more on mist

I have been reading Virginia Woolf’s novel To the Lighthouse and yesterday evening I came across this passage:

It was odd, she thought, how if one was alone, one leant to inanimate things; trees, streams, flowers; felt they expressed one; felt they became one; felt they knew one, in a sense were one; felt an irrational tenderness thus (she looked at that long steady light) as for oneself. There rose, and she looked and looked with her needles suspended, there curled up off the floor of the mind, rose from the lake of one’s being, a mist, a bride to meet her lover.

Naturally I wondered if this was the same mist Kafka writes about not being able to expel from his head. He says that no one will want to lie there with him in those clouds of mist. Woolf’s speaker, Mrs. Ramsay, is troubled by this mist, by her inner life. She is at odds with it, and feels uncomfortable when her husband witnesses her in the throes of it:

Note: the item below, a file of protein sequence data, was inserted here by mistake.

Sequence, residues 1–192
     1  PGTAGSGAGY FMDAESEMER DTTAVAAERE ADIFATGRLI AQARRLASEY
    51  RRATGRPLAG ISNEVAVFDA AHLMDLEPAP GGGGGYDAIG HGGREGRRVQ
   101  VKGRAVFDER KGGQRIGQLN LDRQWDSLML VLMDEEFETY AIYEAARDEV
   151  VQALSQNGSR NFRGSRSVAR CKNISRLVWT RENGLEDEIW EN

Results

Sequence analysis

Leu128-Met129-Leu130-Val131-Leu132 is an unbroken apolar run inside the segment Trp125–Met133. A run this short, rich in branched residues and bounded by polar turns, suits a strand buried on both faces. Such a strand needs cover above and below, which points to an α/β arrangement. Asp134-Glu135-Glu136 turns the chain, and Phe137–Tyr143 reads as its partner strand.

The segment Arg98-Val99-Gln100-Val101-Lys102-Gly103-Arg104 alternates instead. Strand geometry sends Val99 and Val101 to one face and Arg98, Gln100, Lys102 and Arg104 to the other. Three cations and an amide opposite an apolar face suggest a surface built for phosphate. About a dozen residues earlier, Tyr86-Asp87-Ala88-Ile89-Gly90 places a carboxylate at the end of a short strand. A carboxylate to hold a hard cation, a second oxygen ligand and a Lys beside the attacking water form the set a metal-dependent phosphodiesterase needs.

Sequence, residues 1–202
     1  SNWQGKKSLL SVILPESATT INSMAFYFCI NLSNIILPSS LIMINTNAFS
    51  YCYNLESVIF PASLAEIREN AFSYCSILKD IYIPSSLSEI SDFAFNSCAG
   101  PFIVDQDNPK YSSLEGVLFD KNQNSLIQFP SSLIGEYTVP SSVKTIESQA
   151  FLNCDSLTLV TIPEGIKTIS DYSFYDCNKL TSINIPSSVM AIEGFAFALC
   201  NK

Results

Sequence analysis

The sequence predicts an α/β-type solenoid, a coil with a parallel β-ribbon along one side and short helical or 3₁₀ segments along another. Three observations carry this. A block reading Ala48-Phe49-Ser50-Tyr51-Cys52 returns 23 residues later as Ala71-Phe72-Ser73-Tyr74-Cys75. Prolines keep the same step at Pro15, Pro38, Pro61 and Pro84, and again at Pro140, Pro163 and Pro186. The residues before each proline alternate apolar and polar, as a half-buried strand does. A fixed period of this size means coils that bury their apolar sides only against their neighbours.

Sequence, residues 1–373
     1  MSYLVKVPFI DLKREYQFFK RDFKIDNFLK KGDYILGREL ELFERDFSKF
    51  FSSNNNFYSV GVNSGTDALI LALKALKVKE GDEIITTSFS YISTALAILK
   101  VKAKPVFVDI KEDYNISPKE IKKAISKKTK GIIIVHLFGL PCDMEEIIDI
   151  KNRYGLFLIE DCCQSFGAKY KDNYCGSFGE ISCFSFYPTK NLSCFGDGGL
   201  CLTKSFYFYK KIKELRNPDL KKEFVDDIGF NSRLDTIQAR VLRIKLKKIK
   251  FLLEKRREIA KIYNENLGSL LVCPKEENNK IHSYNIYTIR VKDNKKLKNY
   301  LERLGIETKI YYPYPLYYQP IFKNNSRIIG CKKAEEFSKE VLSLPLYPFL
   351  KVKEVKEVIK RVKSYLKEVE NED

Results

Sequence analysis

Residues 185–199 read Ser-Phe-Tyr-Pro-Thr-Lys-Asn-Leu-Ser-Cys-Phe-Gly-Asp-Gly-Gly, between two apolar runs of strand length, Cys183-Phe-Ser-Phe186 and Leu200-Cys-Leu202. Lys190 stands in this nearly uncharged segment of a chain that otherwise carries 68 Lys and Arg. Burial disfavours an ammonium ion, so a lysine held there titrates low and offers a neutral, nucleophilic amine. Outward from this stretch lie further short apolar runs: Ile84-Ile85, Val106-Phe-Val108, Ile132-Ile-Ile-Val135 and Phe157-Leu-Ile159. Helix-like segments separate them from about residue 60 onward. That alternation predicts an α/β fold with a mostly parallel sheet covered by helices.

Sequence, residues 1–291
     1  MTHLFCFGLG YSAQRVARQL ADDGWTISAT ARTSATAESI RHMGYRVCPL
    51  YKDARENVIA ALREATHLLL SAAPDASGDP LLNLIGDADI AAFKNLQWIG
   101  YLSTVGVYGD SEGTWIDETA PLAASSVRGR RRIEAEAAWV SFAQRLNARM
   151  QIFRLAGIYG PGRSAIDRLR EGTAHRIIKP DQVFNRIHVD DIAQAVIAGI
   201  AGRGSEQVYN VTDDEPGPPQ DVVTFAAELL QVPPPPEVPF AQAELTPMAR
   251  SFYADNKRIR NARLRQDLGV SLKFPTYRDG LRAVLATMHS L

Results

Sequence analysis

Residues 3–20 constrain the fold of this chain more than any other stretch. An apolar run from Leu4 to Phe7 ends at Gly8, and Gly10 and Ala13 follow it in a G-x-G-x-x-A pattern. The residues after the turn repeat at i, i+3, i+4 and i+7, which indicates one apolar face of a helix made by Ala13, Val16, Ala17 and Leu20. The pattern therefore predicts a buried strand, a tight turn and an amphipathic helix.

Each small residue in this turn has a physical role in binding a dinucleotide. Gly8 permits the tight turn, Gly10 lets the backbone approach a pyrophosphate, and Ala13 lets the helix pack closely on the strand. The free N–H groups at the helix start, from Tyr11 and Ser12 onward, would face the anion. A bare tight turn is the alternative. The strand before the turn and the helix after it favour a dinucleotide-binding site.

Had she known that he was looking at her, she thought, she would not have let herself sit there, thinking. She disliked anything that reminded her that she had been seen sitting thinking.

And yet Mrs. Ramsay’s inner life seems extremely rich and rewarding. She maintains a special relationship with the third stroke of the Lighthouse beacon (the long steady light she refers to in the first quoted passage above):

Watching it with fascination, hypnotised, as if it were stroking with its silver fingers some sealed vessel in her brain whose bursting would flood her with delight, she had known happiness, exquisite happiness, intense happiness, and it silvered the rough waves a little more brightly, as daylight faded, and the blue went out of the sea and it rolled in waves of pure lemon which curved and swelled and broke upon the beach and the ecstasy burst in her eyes and waves of pure delight raced over the floor of her mind and she felt, It is enough! It is enough!

Her husband sees a beauty emanating from her while she is in this ecstatic state and feels he cannot approach or interrupt her, and yet his interpretation of her state is flawed: